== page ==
Edited by André Sofair, MD, MPH
The number of drug overdose deaths in the U.S. has more than doubled since 1999 — from 6.1 to 16 per 100,000 population. Specifically, recent increases have been seen in deaths from heroin and synthetic opioids like fentanyl, according to new CDC data.
In 2015, the most recent year data was available, people aged 45 to 54 had the highest rate of overdose death (30 per 100,000), but the greatest percentage increase occurred in those aged 55 to 64, with an annual increase of 11%.
West Virginia (42 per 100,000), New Hampshire, Kentucky, and Ohio had the highest overdose death rates. By race and ethnicity, non-Hispanic whites led (21 per 100,000).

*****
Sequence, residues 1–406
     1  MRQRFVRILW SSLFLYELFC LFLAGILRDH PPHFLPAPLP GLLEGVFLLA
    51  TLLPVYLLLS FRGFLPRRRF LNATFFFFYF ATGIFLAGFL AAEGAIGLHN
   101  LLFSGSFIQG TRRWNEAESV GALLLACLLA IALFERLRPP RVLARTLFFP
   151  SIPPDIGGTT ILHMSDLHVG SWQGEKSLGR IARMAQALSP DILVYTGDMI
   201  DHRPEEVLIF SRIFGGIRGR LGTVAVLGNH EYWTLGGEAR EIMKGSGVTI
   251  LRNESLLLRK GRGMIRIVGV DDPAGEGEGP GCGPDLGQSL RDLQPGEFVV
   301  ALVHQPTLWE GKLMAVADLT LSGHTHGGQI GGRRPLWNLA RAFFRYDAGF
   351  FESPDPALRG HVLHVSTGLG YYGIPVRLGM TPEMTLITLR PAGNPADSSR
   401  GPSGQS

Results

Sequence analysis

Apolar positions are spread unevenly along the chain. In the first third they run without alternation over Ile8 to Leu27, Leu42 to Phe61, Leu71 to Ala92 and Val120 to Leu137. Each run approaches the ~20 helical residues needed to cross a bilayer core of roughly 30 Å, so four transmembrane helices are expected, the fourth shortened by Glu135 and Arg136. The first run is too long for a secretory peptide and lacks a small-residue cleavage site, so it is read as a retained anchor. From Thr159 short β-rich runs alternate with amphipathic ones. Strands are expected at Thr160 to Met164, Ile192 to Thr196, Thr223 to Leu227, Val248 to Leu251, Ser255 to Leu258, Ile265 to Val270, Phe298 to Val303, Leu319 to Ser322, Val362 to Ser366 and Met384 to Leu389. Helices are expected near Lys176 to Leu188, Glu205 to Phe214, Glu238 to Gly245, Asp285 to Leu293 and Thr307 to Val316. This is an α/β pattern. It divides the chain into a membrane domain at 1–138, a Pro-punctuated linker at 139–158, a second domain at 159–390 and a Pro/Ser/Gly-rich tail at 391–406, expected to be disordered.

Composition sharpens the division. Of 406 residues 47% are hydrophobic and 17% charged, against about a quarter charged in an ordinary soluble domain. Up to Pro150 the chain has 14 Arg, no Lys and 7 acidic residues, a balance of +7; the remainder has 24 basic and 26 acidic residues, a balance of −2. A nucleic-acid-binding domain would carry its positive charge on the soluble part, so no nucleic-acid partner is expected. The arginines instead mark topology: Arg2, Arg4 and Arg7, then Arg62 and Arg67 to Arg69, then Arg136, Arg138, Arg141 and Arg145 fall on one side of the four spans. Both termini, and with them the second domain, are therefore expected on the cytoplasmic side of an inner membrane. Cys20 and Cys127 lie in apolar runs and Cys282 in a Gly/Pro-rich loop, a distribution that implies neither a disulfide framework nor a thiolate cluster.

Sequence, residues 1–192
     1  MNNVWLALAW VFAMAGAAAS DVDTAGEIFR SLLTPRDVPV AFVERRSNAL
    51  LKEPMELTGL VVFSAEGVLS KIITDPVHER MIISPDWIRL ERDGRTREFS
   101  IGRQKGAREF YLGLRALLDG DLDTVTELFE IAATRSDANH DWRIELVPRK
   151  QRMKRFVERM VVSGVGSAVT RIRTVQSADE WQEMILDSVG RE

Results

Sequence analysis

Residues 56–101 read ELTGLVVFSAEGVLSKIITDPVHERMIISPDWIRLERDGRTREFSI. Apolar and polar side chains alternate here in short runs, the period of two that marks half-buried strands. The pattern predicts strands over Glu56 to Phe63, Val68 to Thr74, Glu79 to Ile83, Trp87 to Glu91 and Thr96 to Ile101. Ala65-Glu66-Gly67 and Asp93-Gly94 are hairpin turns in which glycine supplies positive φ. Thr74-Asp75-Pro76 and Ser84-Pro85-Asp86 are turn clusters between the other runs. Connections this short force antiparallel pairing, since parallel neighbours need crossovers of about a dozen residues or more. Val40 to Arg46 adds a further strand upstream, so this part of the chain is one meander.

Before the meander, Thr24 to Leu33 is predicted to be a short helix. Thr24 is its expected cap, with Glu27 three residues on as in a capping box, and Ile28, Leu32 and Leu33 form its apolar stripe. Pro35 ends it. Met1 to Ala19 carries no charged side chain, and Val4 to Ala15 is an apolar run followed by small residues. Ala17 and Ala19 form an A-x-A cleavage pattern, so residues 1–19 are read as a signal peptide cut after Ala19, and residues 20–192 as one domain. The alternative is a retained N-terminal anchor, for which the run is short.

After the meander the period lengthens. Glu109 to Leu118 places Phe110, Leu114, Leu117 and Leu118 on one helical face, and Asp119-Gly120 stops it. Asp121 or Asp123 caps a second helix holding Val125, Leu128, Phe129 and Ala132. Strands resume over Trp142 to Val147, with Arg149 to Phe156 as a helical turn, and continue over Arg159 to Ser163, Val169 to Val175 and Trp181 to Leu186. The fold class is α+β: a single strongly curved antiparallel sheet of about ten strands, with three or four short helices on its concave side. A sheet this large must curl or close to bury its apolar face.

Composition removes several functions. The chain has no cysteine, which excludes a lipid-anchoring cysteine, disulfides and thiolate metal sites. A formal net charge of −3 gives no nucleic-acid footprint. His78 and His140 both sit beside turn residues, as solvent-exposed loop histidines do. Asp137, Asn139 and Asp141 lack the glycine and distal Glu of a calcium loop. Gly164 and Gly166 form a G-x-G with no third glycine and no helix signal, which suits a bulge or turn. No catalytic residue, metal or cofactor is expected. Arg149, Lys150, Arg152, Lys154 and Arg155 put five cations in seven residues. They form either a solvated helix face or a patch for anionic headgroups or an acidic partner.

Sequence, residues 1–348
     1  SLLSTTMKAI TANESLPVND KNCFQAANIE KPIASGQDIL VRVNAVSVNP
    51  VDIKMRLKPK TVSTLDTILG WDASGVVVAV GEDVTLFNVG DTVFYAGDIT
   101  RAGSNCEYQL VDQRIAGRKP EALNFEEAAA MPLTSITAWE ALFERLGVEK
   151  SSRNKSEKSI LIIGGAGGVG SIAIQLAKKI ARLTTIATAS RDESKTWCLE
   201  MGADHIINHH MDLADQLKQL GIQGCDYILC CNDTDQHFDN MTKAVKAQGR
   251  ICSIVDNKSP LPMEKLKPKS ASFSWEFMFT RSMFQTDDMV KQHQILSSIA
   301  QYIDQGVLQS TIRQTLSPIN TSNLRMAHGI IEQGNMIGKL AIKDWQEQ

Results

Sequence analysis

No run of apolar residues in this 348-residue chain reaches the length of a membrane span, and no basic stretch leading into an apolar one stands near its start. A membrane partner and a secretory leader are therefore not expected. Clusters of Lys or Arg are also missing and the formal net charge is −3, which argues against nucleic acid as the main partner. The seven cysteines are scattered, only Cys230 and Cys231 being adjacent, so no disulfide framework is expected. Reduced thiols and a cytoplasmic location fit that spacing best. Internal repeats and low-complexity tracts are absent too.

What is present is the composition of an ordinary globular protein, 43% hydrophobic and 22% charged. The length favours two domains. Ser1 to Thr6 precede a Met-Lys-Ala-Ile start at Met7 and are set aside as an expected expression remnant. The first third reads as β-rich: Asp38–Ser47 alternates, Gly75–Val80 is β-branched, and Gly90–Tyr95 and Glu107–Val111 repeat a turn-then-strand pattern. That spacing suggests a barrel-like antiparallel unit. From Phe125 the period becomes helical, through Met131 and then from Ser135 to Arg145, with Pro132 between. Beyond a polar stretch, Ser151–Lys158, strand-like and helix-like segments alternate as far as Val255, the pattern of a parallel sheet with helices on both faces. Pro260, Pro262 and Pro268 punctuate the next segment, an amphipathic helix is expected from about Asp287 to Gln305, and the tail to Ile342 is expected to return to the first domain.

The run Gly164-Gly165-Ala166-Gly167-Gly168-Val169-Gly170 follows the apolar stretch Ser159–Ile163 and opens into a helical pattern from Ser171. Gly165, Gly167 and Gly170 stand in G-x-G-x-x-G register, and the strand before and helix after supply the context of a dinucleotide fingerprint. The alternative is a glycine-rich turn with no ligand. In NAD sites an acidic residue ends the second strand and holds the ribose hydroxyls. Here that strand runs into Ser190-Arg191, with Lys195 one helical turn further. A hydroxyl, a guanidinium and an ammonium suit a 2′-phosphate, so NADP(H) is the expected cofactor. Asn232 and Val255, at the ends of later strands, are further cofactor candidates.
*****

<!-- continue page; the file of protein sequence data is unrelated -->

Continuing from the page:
In 2015, a quarter of overdose deaths were due to heroin — this proportion has tripled since 2010. The proportion of deaths from synthetic opioids other than methadone (e.g., fentanyl, tramadol) increased from 8% to 18% in 5 years. The proportion of deaths from overdoses of natural and semisynthetic opioids like oxycodone and hydrocodone actually dropped from 29% to 24%.